| Home | Fiction | Listserv | Creative Archives | Scholarly Archives |
| Book Review Archives | Critical Essays | Contribute | Search the Site |

Ada Blackjack: A True Story of Survival in the Arctic
ISBN: 0-7868-6863-5

By Jennifer Niven
Review by: Renee Faucher

5/15/04

Vilhjalmur Stefansson, a Canadian explorer, sent four young men to represent his interests on an expedition to the Arctic. They were expected to claim Wrangel Island, an arctic territory with dubious ownership, collect furs, and keep detailed journals of the experience. Ada Blackjack: A True Story of Survival in the Arctic by Jennifer Niven cites information from many sources in an attempt to recreate that unsuccessful venture to claim Wrangel Island before Russia did.

Eskimos were hired to ease the hardship of daily life but one woman, Ada Blackjack–hired as a seamstress, fulfilled the obligation to make the journey. Only enough provisions were brought for six months and the team lacked the appropriate equipment for seal hunting since they refused to pay a high price for skin boats while collecting provisions. These explorers were expected to live off the land for the remainder of their time on the island. Due to poor planning, false assurances, and seasonal game, the expedition faced starvation.

With hope to reach Siberia and send a supply ship back, three of the men left Ada Blackjack and Lorne Knight behind. Knight was too ill with scurvy to travel. Blackjack, though of full Eskimo origin, had no experience with the skills needed to survive in the Arctic: hunting, trapping, shooting, building igloos, and surviving on what a land of rock and ice could provide. Knight eventually succumbed to his illness and left Blackjack alone.

In Ada Blackjack: A True Story of Survival in the Arctic, Niven presents a conundrum of truth versus fiction. After all, truth in this “story” is a jig-saw of crystalline fragments. This story is recreated in such a way that it reads like a novel and, after reminding oneself that it is a “true story,” the reader may become suspicious of the “truth” behind the tale. After all, the truth is full of lies. Truth refracts through the prism of perspective and interpretation...of the journals of the men on the expedition and of Harold Noice, who altered those journals, and others like Vilhjalmur Stefansson, who publicized and recreated some truths to sell his books and lectures. Niven draws from many sources to dramatize and record these events–though how can she know what Blackjack was thinking before she kept her own journal? In addition, remorse and melancholy choked much of what Blackjack revealed to the public.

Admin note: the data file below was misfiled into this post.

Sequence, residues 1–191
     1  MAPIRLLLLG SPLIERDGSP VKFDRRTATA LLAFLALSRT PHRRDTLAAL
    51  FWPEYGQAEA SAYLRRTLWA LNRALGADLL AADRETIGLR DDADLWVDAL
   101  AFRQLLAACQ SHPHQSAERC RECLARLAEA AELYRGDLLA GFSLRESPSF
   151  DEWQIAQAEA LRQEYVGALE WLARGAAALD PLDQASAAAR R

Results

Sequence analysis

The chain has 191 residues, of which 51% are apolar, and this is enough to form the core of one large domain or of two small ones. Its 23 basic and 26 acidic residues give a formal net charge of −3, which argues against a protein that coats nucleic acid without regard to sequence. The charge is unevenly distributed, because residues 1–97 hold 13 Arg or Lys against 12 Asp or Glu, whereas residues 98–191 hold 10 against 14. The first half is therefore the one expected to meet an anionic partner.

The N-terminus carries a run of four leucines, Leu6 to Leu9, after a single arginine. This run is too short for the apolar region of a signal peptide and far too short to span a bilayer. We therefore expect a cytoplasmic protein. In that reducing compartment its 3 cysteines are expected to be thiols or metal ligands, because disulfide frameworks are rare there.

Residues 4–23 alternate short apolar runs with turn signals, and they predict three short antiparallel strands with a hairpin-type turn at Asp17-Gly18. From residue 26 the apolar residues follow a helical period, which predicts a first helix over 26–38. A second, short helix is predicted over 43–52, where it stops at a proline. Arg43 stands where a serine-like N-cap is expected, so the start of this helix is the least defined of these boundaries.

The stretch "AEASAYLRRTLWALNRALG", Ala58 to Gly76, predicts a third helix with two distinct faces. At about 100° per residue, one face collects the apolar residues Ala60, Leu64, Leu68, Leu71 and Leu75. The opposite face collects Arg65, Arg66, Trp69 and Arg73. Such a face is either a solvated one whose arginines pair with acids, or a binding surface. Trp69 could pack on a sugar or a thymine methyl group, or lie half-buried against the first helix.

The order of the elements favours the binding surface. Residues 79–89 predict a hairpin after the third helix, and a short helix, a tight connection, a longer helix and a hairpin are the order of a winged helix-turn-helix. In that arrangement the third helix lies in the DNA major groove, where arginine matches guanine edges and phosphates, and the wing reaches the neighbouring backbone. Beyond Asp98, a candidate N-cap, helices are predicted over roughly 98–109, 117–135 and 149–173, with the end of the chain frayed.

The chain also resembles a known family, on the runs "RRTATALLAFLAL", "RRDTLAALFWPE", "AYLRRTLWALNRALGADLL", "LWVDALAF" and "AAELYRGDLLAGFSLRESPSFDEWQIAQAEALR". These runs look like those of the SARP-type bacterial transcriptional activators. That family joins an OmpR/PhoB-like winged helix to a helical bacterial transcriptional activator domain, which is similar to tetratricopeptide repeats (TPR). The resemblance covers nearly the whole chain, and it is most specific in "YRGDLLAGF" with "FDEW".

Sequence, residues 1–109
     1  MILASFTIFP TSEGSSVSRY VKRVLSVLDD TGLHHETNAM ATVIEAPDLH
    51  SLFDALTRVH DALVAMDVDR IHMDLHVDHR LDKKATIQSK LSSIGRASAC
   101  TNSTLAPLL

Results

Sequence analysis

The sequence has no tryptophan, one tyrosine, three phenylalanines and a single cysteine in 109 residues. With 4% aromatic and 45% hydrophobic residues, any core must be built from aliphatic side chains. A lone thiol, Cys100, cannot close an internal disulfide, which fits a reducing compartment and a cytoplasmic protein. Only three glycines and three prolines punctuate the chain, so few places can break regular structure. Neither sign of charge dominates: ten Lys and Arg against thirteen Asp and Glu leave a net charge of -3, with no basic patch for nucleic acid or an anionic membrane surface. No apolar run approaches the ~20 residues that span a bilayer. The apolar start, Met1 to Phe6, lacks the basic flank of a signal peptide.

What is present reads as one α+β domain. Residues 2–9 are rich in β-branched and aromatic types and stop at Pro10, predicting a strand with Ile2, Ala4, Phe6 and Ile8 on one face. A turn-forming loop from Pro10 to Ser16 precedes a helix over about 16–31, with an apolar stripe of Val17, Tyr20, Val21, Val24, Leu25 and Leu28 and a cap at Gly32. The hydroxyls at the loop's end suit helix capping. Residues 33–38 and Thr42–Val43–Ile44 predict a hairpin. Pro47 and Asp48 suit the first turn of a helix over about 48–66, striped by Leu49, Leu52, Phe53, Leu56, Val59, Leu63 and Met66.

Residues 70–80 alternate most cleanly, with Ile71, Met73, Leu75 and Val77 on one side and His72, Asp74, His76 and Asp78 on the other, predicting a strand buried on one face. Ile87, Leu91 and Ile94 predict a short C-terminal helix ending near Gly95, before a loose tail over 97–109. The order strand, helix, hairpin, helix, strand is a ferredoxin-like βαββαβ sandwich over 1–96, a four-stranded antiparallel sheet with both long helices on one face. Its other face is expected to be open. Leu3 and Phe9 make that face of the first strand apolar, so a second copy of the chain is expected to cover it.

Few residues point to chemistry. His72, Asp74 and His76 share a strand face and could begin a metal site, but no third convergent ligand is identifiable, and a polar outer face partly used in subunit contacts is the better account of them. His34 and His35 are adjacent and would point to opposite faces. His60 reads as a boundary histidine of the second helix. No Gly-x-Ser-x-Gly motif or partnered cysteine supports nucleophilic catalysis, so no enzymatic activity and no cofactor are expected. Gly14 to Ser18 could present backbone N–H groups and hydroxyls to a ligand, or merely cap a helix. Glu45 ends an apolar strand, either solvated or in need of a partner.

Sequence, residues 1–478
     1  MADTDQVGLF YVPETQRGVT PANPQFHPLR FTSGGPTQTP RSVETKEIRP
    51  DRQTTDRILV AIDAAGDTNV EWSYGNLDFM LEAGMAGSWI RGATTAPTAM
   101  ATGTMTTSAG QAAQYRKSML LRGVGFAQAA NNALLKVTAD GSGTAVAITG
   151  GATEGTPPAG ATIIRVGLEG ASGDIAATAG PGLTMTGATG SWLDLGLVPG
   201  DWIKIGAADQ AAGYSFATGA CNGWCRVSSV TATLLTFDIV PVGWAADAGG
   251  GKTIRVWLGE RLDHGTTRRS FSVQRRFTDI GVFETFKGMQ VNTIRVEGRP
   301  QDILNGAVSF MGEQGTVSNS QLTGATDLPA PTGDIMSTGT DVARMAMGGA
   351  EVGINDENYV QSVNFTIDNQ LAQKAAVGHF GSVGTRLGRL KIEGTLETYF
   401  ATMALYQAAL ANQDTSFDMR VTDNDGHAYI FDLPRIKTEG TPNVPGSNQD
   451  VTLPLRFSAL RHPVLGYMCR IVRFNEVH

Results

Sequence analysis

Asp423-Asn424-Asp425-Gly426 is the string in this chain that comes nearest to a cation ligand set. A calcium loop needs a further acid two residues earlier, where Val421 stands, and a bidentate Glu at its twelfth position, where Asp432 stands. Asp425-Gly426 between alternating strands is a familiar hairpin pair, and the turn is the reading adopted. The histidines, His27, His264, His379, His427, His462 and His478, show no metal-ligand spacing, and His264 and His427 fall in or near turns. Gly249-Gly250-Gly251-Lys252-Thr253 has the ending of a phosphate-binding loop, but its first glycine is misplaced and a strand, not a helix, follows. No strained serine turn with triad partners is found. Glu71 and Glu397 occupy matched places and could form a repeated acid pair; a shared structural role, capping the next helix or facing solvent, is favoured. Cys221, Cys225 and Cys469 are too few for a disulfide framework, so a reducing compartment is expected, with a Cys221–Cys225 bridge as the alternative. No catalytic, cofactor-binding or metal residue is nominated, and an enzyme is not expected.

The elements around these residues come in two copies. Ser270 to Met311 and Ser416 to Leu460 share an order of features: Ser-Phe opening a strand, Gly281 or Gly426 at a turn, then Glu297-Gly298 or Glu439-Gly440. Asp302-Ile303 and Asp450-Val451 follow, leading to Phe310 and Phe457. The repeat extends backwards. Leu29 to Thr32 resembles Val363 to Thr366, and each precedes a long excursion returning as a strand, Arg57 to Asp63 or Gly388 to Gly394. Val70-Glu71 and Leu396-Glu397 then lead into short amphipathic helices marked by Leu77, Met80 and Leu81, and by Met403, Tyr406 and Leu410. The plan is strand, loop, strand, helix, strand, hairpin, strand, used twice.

Sometimes the delineation between the meaning of hero and survivor is difficult to define. One possible meaning may be interpreted as “one who shows great courage.” In society’s mind today, perhaps, the meaning of “hero” is more along the lines of “one who risks all to save another.” The one who embraces risk to save one’s self is a survivor. In reading the account of Ada Blackjack’s story, it still seems difficult to apply the above meaning of hero to Blackjack...she persevered regardless of her lack of courage and was able to function by disassociating her fear. She rose to a challenge as a survivor despite physical and emotional despair. As with many women of note in that era, strong women were seen as morally or mentally corrupt. Therefore, Blackjack’s achievement in the Arctic was held under suspicion by her rescuers and the news media. How could a mere woman, and a native one–at that!, survive while educated and sophisticated white men could not?

This is an incredible story–not simply “about” Ada Blackjack– that will entertain and engage the reader. Contrary to what the title suggests, this is really the story of the entire expedition and how it changed the lives of all those related to it. Niven dramatizes conversations and brings to light the thoughts of Blackjack’s character during her struggles with the ease of a third person omniscient narrator. As with much of history, no one can really say with complete certainty what happened or what someone was thinking eighty years prior. This seems more like a well-researched historical novel, than an historical record.

Blackjack’s personal growth in an inhospitable environment was further countered by questionable success in her life after the Arctic. Nonetheless, she was a survivor and her name persists. Whether or not Ada Blackjack is a hero, the reader will have to decide for herself.


| Home | Fiction | Listserv | Creative Archives | Scholarly Archives |
| Book Review Archives | Critical Essays | Contribute | Search the Site |

Contact Us